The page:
(Updated 4:14 p.m.) They lined up by the thousands after Tropical Storm Irene in the hopes of obtaining $200 to $1,200 in federal food assistance, but not everyone who received the benefits qualified for the program. Gov. Dannel P. Malloy announced Sunday that about 800 of the 23,000 applicants were state employees and an unknown number of them may have committed fraud in applying and receiving federal funds.

“If we find out if state employees or anyone else for that matter used the occurrence of Tropical Storm Irene as an opportunity to defraud the disaster funding program the consequences it will have will be immediate and severe,” Malloy said.

“For state employees that means termination and prosecution,” he added.

He said while there are undoubtedly many state employees who qualify for the program there are “more than a few” who did not qualify and received benefits. He said the alleged improprieties were discovered by Department of Social Services Commissioner Roderick Bremby as he reviewed the payout of $12.4 million in federal disaster assistance.

Malloy said his chief legal counsel reached out to state and federal prosecutors on Thursday to make them aware of the situation.

He said the review of the 800 state employees is not complete so he can’t say which state departments they work in, but there’s no one involved in the administration of the program suspected of gaming the system. None of the state employees suspected of fraud have been contacted.

Malloy said that state employees were among those who applied for food assistance funds, and listed incomes on their applications that were lower than what state records indicated. Successful applicants received a debit card with funds for food assistance. The one-time benefits, which ranged from $200 to $1,200, were given to the individuals depending on their income and the number of people living in their home.

Take-home income and liquid assets for the period from Aug. 27 to Sept. 25 could not exceed $2,186 for a single person; $2,847 for a household of two; $3,272 for a household of three; $3,859 for a household of four; $4,254 for a household of five; $4,753 for a household of six; $5,116 for a household of seven; and $5,479 for a household of eight.

The average benefit given out to the 23,000 who applied for the program was $684.

“We operated the program by the federal rules, which did not require any immediate verification of income or assets,” Bremby said.

Andrew McDonald, Malloy’s chief legal counsel, said the program was developed in the aftermath of Hurricane Katrina and is based on the premise that any delay “could substantially hurt people who are in immediate need of benefits.”

He said the Department of Social Services brought in personnel to help administer the program.

This was the first time the state ran the program and it initially thought it would get about 3,800 people lining up for assistance, so it was taken by surprise from 23,000 showed up at its 12 regional offices.

Bremby admitted Sunday that “the demand was much higher than anticipated,” but thinks his department did a wonderful job in administering the program. “However, our ongoing investigations are underscoring the point that federal acceptance of the ‘self-declaration’ of income and assets makes the program more vulnerable to fraud,” he said.

According to Claudette Bealieu, Bremby’s deputy commissioner, the state was the only entity allowed to distribute the funds under the federal guidelines, so it was prohibited from bringing in its community partners to assist.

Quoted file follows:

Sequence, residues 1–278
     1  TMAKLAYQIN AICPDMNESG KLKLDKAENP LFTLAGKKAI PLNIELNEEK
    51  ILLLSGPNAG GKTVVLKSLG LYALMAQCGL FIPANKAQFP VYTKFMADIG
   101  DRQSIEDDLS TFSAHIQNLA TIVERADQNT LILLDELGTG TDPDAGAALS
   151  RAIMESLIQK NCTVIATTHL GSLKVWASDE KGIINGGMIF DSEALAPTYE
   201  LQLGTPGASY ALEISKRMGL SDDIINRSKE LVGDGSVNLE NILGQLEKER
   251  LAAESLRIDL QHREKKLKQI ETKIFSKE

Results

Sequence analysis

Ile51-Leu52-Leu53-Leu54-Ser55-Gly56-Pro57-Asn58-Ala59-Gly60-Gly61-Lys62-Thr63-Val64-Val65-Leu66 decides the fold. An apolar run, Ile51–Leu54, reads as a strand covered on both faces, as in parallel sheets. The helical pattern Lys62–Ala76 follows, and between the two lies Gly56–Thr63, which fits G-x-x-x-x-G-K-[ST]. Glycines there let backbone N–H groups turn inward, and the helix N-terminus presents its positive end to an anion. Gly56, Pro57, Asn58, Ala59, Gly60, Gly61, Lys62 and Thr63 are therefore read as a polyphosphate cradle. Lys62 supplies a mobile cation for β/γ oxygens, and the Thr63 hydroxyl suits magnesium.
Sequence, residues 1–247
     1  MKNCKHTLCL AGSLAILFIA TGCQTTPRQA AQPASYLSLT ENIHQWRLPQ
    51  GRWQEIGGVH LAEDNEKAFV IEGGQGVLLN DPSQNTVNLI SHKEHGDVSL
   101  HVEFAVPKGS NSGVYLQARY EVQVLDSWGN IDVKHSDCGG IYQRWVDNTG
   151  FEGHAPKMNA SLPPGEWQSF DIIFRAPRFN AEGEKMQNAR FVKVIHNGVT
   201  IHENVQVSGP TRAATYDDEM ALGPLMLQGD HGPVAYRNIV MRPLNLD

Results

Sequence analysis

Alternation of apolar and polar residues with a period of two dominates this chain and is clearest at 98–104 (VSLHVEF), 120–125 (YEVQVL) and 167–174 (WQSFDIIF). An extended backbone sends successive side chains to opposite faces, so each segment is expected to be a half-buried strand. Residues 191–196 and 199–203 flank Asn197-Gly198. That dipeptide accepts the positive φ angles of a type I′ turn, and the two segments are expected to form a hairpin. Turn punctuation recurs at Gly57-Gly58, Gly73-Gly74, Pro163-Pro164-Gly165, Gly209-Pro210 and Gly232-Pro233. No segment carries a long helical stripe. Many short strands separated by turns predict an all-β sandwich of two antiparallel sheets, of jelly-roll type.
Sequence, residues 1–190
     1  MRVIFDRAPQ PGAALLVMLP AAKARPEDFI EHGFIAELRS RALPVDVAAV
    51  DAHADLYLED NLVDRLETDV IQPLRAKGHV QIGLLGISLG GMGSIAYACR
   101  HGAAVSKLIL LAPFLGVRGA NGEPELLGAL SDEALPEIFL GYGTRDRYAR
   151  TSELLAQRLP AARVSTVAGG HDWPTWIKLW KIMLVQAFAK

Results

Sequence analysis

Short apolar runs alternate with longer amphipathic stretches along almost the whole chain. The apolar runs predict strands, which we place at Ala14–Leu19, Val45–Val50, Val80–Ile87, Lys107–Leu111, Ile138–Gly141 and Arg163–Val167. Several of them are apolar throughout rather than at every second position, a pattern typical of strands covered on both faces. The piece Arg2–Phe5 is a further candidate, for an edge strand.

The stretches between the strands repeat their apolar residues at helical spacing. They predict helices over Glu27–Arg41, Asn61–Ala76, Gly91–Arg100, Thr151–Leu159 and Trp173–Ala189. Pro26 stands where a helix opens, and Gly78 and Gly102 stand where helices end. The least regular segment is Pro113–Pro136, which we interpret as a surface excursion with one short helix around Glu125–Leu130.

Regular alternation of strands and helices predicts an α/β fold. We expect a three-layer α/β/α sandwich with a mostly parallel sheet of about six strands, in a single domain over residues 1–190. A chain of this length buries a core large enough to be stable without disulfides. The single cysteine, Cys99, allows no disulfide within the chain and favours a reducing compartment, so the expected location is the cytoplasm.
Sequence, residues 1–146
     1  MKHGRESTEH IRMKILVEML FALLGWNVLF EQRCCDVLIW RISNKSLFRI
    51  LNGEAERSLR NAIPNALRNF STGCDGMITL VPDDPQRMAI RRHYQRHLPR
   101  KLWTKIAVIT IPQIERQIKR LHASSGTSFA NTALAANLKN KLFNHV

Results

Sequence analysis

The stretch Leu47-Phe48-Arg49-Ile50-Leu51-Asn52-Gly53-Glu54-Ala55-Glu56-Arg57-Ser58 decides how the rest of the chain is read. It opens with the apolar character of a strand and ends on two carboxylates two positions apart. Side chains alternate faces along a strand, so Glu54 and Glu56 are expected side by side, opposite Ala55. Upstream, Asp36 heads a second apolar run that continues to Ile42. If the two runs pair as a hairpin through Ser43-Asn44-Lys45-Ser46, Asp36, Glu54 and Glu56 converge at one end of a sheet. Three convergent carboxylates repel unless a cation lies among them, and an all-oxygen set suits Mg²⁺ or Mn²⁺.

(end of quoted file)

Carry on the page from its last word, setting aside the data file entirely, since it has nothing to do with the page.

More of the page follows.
Anyone already receiving food stamps received a bump in their monthly allowance to compensate them for food lost during the storm. This program was for low, or moderate income individuals and families who aren’t currently receiving state assistance.

Beaulieu said the agency’s community partners were able to help them spread the word about the program which was administered until Sept. 27.

Malloy said he was “angry” and “disturbed” because it’s allegations of state employees defrauding the system. He called the rare Sunday press conference because he didn’t want to hear criticism that he’s “not personally taking this seriously.”

Malloy is leaving for the Democratic Governors Association meeting in California and won’t be in the state for the next few days, and he wanted to get the news out before he left.

“We should be grateful to the dedicated state employees within the DSS fraud unit who put Connecticut taxpayers first, as they always do, through their investigative work on the disaster funding program,” Matt O’Connor, spokesman for CSEA/ SEIU Local 2001, said Monday in a statement. “This should serve as a reminder about the need for more DSS fraud investigators to safeguard our tax dollars, especially in these troubled times.”

“We would also caution against hysteria. According to initial reports, 800 of the 23,000 applicants were state employees, many of them eligible for federal food assistance because of the number of family members they support on their middle-class incomes,” O’Connor added. “Any Connecticut citizen, whether employed by the state or not, who deliberately committed fraud should and will be held accountable. We will await the outcome of the state’s investigation before making further comment.”

Lt. Gov. Nancy Wyman said people are innocent until proven guilty, but if any of those state employees are indeed guilty “I am disappointed beyond words.”

“To abuse this program it is not only a crime, it is nothing less than moral outrage,” Wyman added. “I know every other state employee is as disappointed as I am.”